3 foundations that will enable Amazon to disrupt supermarkets
Will VR headsets be used in our future supermarket shopping experiences?
Shopping is a physical and sensory experience. Humans evolved doing some sort of physical ‘shopping’, even if for most of history the similarity of that activity and a trip to the supermarket has been fleeting. Much as we might hate the queues at the checkout, difficulties parking and reducing ranges, there is still an emotional and social element to the experience.
It applies even more in specialist retailers. The more specialist, the greater the degree of sensory engagement necessary.
This is all however breaking down, and quickly. So what can we expect from Amazon that would justify $US13.6 billion for Whole Foods?
- Virtual supermarket
Virtual and augmented reality is coming at us like a train. Just as Shoes of Prey allows you to design your own shoes, and Warby Parker has become a billion dollar company in six years by helping you to choose your glasses online, Amazon (surprise surprise) is playing with Prime Wardrobe. Ikea is also experimenting with a virtual furniture app. It seems a short step to see people using virtual reality from their couch to ‘walk’ through, select, place an order and schedule delivery from a grocery ‘store’.
Almost a year ago, my second son bought a VR set for a few hundred dollars, and when I fiddled with it I thought I had seen the future of market research. Even so recently my imagination did not take me to that next small step of actually ordering a delivery management system, but why not?
- Crowd sourced logistics
The biggest obstacle to digital grocery growth has been the logistics, both timing and cost.
Fresh and frozen produce where timing and cold chain integrity is paramount requires a different set of standards to shelf stable commodity categories. Shoppers are very price sensitive across homogenised commodity categories of temperature agnostic products, and it does not matter much if they remain on the front step for a while, diametrically opposed on both counts to produce.
Timing of delivery has been particularly problematic in multiple income homes, and building delivery certainty creates considerable cost.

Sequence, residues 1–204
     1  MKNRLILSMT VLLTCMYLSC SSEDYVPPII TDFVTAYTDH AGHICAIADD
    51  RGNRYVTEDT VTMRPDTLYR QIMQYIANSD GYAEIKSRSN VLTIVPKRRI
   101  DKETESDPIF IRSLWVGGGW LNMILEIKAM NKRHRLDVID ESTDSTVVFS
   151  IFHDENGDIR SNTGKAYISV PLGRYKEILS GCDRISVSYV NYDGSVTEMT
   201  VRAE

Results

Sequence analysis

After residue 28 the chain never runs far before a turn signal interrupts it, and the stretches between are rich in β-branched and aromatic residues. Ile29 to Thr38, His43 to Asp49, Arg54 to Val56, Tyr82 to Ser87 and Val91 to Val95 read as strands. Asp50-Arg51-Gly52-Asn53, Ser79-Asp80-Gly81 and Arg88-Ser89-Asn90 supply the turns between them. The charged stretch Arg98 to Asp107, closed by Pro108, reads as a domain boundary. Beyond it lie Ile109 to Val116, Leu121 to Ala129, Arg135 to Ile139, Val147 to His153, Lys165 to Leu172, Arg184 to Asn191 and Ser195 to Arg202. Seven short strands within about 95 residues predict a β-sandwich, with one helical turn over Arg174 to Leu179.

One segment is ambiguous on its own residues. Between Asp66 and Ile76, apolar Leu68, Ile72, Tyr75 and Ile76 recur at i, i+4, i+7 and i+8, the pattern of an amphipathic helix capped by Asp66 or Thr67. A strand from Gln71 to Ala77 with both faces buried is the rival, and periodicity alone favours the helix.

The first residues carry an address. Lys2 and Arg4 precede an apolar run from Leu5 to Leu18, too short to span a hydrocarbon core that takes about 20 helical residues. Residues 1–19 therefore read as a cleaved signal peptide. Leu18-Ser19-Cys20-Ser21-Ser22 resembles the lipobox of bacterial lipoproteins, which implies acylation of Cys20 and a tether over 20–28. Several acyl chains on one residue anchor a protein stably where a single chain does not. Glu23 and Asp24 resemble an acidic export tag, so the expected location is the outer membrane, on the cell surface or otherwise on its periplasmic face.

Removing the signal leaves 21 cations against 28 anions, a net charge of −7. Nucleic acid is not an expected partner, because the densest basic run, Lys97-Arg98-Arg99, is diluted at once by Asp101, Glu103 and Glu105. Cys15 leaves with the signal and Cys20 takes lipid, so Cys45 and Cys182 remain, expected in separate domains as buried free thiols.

Both have been solved by the sort of technology Uber uses. It is pretty simple to have a crowd sourced delivery service where the vehicles just have a refrigerated unit in the boot hooked into a power source in the car, combined with the delivery scheduling Uber has amply demonstrated works.
- Payment security
Payment security, while it should be a problem, as the level of fraud increases rapidly in Australia, it seems not to be for most of us. It will however be very soon. Blockchain technology will remove much of the risk, and in the early stages of development, seems to be ‘fraud-proof’. Amazon has been experimenting extensively with Blockchain, collaborating with many large financial and digital innovators to better facilitate and secure web based financial transactions.
It seems to me that these are the three building blocks Amazon needs to make a huge dent in the traditional supermarket business, struggling to identify the sustainable sources of growth and profitability. Whole Foods is only the stalking horse, as there is a lot of expertise in procuring quality fresh produce in predictable volumes, and Whole Foods is already an expert in this. Amazon will add their expertise onto what they are doing already, and bingo, another disruption coming your way.
Allen Roberts is a guest contributor to Australian Food News and writes another of his regular articles here. He is the Director of Strategy Audit www.strategyaudit.com.au and has worked in the food sector for more than 35 years. To read his full biography click HERE.
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